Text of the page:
February marks Black History Month, a tribute to African-American men and women who have made significant contributions to America and the rest of the world.  The orgins of the month began with Carter G. Woodson and Jesse E. Moorland in 1915, who founded the Association for the Study of African American Life and History (ASALH) to promote the achievements of black Americans and those of African decent.  They chose the second week of February to coincide with the birthdays of Abraham Lincoln and Frederick Douglass.  The event inspired many schools and communitites nationwide to organize celebrations.  In the decades that followed, various cities across the country issued proclaimations recognizing the week.  By the late 1960s, thanks in part to the civil rights movement, Black History Month had evolved.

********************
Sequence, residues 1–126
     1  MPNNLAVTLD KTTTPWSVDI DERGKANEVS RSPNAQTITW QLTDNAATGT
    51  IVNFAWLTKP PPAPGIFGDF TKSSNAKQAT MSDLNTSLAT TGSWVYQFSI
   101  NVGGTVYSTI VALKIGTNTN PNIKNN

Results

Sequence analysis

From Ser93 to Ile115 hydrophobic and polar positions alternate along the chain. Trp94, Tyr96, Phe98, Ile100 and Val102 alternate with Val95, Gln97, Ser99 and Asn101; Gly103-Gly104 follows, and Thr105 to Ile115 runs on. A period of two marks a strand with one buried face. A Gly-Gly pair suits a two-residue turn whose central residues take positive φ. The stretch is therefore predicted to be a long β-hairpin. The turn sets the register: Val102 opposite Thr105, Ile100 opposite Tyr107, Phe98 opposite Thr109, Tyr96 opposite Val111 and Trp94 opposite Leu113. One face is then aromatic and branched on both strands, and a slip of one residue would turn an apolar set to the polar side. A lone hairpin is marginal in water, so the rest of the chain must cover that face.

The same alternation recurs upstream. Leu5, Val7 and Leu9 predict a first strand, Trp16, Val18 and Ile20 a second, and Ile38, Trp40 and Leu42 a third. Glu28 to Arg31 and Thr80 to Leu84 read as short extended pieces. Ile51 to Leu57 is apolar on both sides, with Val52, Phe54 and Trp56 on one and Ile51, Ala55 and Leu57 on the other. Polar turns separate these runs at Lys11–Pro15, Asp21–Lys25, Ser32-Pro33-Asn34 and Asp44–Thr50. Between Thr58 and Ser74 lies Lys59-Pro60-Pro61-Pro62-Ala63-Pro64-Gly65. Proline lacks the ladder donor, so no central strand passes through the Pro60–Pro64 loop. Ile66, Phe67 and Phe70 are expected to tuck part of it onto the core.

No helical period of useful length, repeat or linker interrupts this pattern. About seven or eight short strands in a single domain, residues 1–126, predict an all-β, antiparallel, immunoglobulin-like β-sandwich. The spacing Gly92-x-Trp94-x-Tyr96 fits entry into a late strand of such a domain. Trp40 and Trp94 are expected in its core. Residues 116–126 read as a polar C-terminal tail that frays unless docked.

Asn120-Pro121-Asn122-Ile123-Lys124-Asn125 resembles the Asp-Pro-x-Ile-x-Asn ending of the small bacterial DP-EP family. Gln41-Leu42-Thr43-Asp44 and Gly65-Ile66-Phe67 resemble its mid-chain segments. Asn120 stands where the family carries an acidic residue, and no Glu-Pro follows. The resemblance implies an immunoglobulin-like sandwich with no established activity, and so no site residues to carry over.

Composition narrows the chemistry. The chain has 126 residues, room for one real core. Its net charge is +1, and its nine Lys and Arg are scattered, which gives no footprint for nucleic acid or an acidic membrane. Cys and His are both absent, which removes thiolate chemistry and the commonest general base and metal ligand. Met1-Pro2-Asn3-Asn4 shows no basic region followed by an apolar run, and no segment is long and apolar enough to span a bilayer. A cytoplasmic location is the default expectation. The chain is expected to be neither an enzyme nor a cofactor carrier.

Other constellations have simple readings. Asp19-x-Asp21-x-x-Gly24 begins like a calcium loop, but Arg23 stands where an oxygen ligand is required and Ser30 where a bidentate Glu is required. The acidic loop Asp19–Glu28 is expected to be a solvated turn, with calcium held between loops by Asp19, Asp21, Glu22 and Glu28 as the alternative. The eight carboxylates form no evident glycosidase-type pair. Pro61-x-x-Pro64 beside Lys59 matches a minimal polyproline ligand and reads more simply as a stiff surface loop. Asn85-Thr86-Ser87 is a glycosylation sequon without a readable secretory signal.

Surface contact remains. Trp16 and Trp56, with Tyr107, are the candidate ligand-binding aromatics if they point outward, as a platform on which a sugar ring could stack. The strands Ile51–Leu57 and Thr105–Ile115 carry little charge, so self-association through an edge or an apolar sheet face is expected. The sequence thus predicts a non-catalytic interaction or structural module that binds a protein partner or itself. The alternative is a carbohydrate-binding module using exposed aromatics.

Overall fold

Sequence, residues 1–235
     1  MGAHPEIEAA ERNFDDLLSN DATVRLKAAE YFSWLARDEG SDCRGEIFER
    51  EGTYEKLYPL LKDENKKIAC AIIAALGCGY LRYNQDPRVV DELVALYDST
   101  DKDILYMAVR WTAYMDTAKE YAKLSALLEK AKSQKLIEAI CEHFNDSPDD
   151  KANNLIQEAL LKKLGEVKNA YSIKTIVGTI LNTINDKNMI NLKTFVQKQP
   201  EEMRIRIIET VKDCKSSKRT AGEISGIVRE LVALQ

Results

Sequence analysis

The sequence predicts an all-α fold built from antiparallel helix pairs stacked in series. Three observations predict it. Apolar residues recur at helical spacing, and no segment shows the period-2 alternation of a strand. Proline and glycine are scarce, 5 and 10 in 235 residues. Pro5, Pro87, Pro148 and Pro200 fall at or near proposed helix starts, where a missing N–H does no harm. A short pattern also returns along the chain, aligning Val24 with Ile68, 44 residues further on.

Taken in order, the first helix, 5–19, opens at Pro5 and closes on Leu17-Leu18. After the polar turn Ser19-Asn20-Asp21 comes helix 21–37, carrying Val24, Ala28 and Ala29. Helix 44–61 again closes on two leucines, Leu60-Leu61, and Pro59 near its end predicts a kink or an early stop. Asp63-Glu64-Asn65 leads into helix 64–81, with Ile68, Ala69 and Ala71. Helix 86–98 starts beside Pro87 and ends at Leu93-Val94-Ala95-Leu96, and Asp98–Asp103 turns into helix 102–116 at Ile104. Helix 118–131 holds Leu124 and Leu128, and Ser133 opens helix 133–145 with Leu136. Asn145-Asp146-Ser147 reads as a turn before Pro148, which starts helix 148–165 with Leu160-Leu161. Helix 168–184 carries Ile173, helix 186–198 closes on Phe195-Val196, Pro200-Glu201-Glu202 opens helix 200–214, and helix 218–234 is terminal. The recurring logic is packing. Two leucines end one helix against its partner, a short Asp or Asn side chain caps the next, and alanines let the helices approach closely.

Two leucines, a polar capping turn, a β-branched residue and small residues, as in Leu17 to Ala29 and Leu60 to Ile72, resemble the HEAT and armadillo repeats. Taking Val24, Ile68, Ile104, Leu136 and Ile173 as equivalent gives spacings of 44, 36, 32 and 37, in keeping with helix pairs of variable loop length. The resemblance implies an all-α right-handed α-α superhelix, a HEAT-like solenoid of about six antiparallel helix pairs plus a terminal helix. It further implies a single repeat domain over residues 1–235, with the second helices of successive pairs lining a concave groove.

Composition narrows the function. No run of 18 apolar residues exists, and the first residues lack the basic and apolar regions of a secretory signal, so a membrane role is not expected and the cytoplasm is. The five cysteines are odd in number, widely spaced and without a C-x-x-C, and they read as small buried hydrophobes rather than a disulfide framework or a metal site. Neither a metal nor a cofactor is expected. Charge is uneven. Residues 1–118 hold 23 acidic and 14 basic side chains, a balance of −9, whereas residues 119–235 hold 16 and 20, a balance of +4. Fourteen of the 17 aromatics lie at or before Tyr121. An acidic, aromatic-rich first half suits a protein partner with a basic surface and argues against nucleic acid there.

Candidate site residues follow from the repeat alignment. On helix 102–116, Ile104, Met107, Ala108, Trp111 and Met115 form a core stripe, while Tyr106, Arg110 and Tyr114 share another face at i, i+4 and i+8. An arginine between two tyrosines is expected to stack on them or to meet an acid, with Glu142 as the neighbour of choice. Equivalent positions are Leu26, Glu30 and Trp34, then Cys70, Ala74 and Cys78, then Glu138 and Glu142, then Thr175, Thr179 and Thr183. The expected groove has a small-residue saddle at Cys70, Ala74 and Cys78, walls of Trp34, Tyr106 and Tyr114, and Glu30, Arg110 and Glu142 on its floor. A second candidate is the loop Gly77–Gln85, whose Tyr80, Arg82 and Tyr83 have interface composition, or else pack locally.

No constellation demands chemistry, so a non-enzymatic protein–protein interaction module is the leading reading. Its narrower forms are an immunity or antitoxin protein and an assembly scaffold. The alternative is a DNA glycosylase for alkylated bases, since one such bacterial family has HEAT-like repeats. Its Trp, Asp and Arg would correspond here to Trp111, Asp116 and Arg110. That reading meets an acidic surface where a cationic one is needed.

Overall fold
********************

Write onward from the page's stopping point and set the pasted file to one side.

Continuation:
Since 1976, every president has officially designated February the month to honor the accomplishments of black Americans in every area of endeavor throughout history.  
 
This year's theme, "African Americans and the Vote" is in honor of the centennial anniversary of the 19th Amendment, granting women's suffrage and the sesquicententennial of the 15th Amendment giving Black men the right to vote.